The complexities of quality build fast. Ian Chun, CEO of Matcha Latte Media and tea merchant at Yunomi in Tokyo, says there are too many styles of matcha in Japan for most tea consumers to wrap their heads around. “One factory presented me with a price list for matcha with twenty levels of quality,” he says. “It’s too complicated even for tea professionals outside the Japanese industry.”

The Matcha Wave

Matcha styles get simplified for other markets, including the United States. There are essentially two: creamy and sweet (Kyoto style) versus dense and more bitter (Tokyo style). Then there is an arbitrary grading system that nonetheless narrows down the field: culinary matcha (for baking and blending), ceremonial matcha (for sipping alone or in drinks), and a third “latte” grade. Chun says quality has to do with grain size, richness in flavor, brilliance in color, and whether the tea is creamy or bitter.

That’s a lot of subtlety to process. So why has matcha caught on with everyday consumers the way it has? 

One, it hits the palate differently than anything else found in cafés. Matcha’s umami and slightly bitter, sweet, and grassy notes make up a tight flavor niche similar to what chai stepped into about twenty years ago. Coffee shop patrons likely took to chai not only because it was delicious but also because it was different from what they’d experienced before and rode comfortably on the coattails of familiar flavors like cinnamon and vanilla.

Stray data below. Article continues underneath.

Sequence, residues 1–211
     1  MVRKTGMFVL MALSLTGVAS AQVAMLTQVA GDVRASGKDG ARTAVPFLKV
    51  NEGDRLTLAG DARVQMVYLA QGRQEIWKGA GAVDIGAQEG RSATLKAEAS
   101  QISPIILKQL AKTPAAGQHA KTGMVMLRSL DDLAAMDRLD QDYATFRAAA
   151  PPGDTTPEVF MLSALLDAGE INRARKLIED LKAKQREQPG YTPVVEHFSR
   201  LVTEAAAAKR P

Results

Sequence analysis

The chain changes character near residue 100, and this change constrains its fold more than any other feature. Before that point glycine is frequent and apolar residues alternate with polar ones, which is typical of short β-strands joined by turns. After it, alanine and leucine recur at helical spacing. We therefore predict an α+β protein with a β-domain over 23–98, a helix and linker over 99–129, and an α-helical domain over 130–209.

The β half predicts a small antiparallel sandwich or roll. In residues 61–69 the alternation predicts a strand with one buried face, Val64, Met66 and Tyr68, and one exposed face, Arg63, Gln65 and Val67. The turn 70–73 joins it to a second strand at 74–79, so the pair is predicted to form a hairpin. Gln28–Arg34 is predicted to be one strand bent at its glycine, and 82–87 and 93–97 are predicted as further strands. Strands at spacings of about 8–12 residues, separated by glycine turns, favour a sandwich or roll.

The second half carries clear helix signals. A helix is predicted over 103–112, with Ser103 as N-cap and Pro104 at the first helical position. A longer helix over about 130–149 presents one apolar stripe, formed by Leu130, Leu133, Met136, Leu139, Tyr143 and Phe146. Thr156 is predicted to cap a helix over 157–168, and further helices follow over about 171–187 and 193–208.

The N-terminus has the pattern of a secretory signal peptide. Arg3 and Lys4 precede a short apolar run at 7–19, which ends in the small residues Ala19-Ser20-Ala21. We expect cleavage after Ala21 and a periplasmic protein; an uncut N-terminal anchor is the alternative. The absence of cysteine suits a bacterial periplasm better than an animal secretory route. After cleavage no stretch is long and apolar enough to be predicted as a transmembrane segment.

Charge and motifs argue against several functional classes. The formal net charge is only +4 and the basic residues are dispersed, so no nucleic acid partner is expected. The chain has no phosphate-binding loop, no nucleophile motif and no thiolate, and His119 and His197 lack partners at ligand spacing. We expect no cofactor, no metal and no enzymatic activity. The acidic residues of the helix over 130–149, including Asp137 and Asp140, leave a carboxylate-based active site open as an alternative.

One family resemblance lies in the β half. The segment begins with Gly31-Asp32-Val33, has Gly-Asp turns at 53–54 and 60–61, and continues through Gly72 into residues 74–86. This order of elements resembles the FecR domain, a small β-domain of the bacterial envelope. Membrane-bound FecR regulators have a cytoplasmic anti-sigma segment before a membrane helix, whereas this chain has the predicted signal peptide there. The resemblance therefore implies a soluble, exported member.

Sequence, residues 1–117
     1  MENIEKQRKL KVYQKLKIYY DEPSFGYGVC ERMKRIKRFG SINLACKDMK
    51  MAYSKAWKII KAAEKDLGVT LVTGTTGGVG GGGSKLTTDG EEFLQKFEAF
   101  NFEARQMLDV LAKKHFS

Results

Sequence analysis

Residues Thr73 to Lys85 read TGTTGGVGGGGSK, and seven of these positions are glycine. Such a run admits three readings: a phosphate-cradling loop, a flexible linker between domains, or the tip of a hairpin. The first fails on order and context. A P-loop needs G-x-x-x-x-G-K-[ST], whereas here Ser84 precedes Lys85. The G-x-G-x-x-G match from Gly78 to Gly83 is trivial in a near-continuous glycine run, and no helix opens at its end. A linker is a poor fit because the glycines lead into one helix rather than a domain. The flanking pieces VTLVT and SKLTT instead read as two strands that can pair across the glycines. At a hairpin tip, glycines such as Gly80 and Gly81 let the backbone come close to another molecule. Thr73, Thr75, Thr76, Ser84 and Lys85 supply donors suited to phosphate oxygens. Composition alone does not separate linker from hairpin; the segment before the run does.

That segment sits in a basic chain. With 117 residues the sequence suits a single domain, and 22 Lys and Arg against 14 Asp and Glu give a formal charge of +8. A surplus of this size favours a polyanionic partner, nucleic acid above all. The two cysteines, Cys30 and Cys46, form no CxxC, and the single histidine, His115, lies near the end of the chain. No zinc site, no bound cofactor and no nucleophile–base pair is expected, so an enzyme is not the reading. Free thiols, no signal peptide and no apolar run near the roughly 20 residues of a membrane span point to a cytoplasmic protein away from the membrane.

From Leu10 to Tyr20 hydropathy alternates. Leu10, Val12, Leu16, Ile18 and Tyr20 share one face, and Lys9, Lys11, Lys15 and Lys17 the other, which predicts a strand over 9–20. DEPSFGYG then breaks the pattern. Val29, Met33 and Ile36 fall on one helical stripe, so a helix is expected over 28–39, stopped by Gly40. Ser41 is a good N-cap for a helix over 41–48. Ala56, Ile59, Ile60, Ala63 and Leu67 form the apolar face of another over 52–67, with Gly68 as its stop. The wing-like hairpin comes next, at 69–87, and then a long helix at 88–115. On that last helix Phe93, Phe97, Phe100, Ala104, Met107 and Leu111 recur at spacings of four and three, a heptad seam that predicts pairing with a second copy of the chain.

In the case of matcha—in some ways, a drink that requires previous experiences with green tea—its niche can’t be faked by other ingredients. Nothing tastes like matcha, yet it is similarly versatile on a café menu like chai. Matcha shines in dairy milk, plant milk, added as an ingredient to signature drinks, and as a flavor component to baked goods. Tack on its health appeal, and the tea starts to feel pretty limitless.

That was the perspective brothers Max and Graham Fortgang took when they created a matcha-focused business in New York City. What began as a desire to bottle ceremonial-grade matcha after discovering it better fueled their New York-hustle lifestyle turned into a need to educate drinkers on matcha’s potential. To do that, they needed a café. In 2014 the Fortgangs opened Brooklyn’s MatchaBar in the hopes of converting drinkers one latte at a time. “Thousands of people came in the door and had long, sometimes fifteen-minute conversations with us about matcha,” he says. “You need to get people’s palates to evolve slowly.”